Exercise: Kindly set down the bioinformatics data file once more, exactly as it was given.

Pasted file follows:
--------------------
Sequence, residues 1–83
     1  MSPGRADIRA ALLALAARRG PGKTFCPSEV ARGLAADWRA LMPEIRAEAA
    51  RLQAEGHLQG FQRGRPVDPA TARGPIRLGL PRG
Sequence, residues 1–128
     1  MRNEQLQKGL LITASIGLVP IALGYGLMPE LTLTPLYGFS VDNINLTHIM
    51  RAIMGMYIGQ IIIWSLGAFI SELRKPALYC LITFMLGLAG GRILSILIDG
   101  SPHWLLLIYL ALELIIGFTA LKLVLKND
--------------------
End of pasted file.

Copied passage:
Sequence, residues 1–83
     1  MSPGRADIRA ALLALAARRG PGKTFCPSEV ARGLAADWRA LMPEIRAEAA
    51  RLQAEGHLQG FQRGRPVDPA TARGPIRLGL PRG
Sequence, residues 1–128
     1  MRNEQLQKGL LITASIGLVP IALGYGLMPE LTLTPLYGFS VDNINLTHIM
    51  RAIMGMYIGQ IIIWSLGAFI SELRKPALYC LITFMLGLAG GRILSILIDG
   101  SPHWLLLIYL ALELIIGFTA LKLVLKND